It’s been called a “cure for rejection-letter fatigue.” Amazon on Thursday released new details about the success of its program for authors who want to self-publish on its Kindle e-reader devices. The company, which unveiled a suite of new e-readers and tablets at a press conference in Southern California on Thursday, says 27 of the top 100 Kindle books were created using a system called Kindle Direct Publishing.
That system allows authors to bypass traditional publishers and instead deal directly with Amazon, which claims to be able to publish their books digitally “in hours.”
The authors receive 70% of the royalties from the sale of these books. And some of them are doing quite well.
“Most of my months are six-figure months,” said Hugh Howey, a 37-year-old Florida author whose “Wool” series of digital books was highlighted by Amazon. “It’s more than I ever hoped to make in a year.”
The company says some authors, including Theresa Ragen, who appeared in a promotional video during the Amazon event, have sold hundreds of thousands of books.
During the event Amazon CEO Jeff Bezos displayed a quote from Kathryn Stockett, author of best-selling novel “The Help,” in which she lamented being rejected dozens of times before a publisher accepted her.
“What if I had given up at 15? Or 40? Or even 60?” she was quoted as saying.
“The thing that occurs to me,” Bezons said, according to a live blog, “is how many authors did stop after 40 rejections? How many great manuscripts are sitting in a drawer somewhere?”
The fact that so many self-published books have been successful in Amazon’s ecosystem highlights what other writers say is a trend toward success in digital self-publishing, which is offered also by companies like Apple and Barnes & Noble, in addition to Amazon.
This comes despite evidence that many self-published e-book authors make very little money. A 1,007-person survey earlier this year found “DIY authors” make $10,000 a year on average, and half of them make less than $500 a year, according to a report in The Guardian.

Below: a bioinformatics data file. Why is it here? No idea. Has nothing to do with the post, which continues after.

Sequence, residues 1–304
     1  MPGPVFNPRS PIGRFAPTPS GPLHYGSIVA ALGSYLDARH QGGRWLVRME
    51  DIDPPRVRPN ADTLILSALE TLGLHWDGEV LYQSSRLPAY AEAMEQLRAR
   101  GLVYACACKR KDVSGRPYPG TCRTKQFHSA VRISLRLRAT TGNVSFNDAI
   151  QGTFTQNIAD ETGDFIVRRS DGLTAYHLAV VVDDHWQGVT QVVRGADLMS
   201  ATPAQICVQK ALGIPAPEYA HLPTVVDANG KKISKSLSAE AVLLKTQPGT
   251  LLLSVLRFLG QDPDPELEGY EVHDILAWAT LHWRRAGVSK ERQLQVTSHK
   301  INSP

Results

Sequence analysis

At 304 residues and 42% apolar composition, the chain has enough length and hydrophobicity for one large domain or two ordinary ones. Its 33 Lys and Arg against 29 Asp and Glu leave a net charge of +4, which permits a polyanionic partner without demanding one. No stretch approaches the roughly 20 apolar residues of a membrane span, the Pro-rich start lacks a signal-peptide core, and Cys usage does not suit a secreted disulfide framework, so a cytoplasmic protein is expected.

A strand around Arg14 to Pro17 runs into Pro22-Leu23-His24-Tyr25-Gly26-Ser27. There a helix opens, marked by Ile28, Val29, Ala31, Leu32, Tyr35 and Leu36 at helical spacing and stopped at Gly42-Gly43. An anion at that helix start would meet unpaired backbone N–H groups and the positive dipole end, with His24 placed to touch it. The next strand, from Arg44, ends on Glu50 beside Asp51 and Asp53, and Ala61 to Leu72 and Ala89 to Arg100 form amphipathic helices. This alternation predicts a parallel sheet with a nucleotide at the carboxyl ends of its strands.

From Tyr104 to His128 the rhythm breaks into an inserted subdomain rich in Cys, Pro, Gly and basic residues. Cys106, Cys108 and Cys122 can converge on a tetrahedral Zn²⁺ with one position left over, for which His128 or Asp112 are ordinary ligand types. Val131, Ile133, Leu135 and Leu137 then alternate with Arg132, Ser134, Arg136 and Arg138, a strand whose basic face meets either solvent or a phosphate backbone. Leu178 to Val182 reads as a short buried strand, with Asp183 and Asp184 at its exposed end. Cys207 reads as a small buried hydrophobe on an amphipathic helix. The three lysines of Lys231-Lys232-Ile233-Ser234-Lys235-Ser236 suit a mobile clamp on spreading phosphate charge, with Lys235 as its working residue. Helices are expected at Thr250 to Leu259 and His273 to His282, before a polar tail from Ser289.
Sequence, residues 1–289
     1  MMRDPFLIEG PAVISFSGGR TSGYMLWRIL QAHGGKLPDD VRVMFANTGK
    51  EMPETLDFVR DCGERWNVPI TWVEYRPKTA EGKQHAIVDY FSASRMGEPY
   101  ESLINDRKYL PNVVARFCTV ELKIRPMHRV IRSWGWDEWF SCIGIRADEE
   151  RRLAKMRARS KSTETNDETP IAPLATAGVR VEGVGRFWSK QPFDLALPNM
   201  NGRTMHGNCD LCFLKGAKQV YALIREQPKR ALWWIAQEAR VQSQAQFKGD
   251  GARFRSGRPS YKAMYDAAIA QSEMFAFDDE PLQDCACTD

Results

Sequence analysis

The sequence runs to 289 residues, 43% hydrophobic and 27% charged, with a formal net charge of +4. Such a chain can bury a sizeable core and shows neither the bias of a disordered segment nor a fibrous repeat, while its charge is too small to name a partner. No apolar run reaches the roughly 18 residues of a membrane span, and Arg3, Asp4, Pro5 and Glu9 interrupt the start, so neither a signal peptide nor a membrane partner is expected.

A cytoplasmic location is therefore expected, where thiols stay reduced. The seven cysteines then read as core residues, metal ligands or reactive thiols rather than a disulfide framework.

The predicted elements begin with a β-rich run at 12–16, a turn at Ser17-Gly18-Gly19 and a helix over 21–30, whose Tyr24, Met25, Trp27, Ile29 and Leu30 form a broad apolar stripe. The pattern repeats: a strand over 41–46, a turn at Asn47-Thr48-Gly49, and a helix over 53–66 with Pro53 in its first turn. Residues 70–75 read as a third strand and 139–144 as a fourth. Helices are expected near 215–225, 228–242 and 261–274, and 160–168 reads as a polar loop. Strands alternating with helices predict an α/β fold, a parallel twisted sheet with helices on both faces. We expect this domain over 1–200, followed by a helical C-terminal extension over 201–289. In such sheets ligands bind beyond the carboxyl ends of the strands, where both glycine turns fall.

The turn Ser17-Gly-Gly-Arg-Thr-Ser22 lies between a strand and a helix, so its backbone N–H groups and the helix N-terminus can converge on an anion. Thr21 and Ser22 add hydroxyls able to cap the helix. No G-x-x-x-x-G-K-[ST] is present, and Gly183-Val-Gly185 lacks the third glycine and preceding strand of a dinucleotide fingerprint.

Still, the system does work for some.
“Fact is that authors no longer need a publisher,” Bernard Starr wrote at The Huffington Post. “And more and more writers are awakening to the realization that if you are not a high-profile author who can command large sales, a traditional publisher will do little for you beyond editing and printing your book.”
For Howey, author of the “Wool” series, the direct-publishing platform has opened up a life he never imagined was possible — one where he is paid to write full-time.
Without the Amazon platform, the books might not have been published at all. Howey never promoted the first edition of “Wool,” a dystopian series about a group of underground people who get all of their information about the outside world through a single, digital screen. He didn’t think it would sell.
Then in October 2011, he said, his sales jumped from from dozens to thousands.
“I was taking screenshots and posting them on Facebook,” he said of the moment when the books started appearing on Amazon’s top-100 lists. (The compilation “Wool Omnibus Edition” is currently ranked No. 193 in the Kindle store, although it was listed in Amazon’s press conference as being in the top 100, where it has appeared before). “I was kind of bewildered by the whole thing.”
Howey used to work as a bookseller and yacht captain. Now his story has been optioned by the director Ridley Scott, according to news reports. New York publishers have approached him about book deals, he said, but he wants to continue to self-publish so he maintains rights to his work.
“The stigma is gone,” he said of self-publishing in digital formats. “Publishers will pick up a self-published work if it does well. Readers are really just interested in good stories.”